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KRASNAYA POLYANA, Russia — The Sochi Olympics women's bobsled race had to end the way it did, with this season's top two pilots seeking gold and history, with drama accompanying every twist and turn on the 17-curve track until the final sled crossed the finish line.

Canada's Kaillie Humphries, the 2013-14 overall World Cup points champion, was the second to last sled off the hill in the fourth and final heat — and going for her second consecutive Olympics gold medal.

USA's Elana Meyers, who finished one point behind Humphries went last, with her brakeman Lauryn Williams trying to become just the second person to win gold medals in the Summer and Winter Olympics in different disciplines.

Humphries and Meyers are competitors and friends. They worked out together last summer, knowing the only way to improve was to push each other.

On the fourth and final run, Humphries put together her second outstanding run of the night Wednesday, finishing in 57.92, making up a .11 deficit and edging Meyers by .10 for gold, becoming the first woman to win two bobsled golds since the sport joined the Olympic program in 2002.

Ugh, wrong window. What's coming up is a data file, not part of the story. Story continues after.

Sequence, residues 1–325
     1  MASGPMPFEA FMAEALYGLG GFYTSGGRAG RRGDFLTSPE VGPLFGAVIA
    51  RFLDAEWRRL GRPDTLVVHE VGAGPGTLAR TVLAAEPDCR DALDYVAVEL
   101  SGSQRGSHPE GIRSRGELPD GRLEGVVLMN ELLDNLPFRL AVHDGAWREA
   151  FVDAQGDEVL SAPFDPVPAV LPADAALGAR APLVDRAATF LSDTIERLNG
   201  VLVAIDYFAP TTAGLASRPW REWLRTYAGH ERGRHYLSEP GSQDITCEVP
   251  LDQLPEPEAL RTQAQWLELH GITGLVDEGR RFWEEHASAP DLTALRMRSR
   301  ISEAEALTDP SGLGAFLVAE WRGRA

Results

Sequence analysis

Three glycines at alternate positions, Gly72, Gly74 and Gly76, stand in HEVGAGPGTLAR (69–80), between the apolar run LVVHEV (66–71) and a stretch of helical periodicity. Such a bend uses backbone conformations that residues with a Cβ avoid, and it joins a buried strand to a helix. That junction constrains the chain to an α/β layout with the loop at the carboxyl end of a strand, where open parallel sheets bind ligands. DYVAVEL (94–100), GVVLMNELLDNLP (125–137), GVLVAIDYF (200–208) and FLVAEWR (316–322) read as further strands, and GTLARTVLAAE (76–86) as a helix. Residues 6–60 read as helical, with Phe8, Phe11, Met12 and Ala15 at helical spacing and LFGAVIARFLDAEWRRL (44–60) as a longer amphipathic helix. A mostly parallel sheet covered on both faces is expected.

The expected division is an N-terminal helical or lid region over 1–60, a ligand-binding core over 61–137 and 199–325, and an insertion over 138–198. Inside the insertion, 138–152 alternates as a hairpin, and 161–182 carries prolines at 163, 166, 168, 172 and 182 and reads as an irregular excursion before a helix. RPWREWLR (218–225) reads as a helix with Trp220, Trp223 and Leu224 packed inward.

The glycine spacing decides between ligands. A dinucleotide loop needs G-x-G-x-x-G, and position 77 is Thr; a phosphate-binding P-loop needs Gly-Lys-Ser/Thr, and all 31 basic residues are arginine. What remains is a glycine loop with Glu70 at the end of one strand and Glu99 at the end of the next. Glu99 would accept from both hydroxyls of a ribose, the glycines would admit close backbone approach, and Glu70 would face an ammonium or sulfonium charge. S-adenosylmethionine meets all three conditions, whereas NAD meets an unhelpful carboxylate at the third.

USA-2 pilot Jamie Greubel and brakeman Aja Evans secured bronze in what turned into a three-sled race after the first two heats on Tuesday and a two-sled race after the third heat on Wednesday.

Humphries turned the final heat into a showdown. In fact, when the two worked out last summer, they called it a "Battle Royale." Humphries chopped a .23 second deficit after two heats into a .12 second deficit with one heat left.

Meyers had a great push in the third heat, tying her start record (5.12 seconds on this track). But she had a bumpy drive — her worst heat of the race — and needed a stellar ride in the fourth heat to secure gold.

She didn't get it. However, this is the first time the USA had two sleds win medals, and Williams is still part of Olympic history. She is just the fifth person to win Winter and Summer Olympics medals in different disciplines.

The third U.S. sled, pilot Jazmine Fenlator and brakeman Lolo Jones, finished 11th.

The bobsled medals were the 22nd and 23rd for the U.S., which led the overall medal count. The Americans had one more medal than Russia and Netherlands.

Earlier in the day, U.S. skier Ted Ligety won gold in the men's giant slalom. The U.S. team has won at least one medal every day in Sochi. Only three nations (Germany, Soviet Union and East Germany) have accomplished that feat at the Winter Olympic Games.

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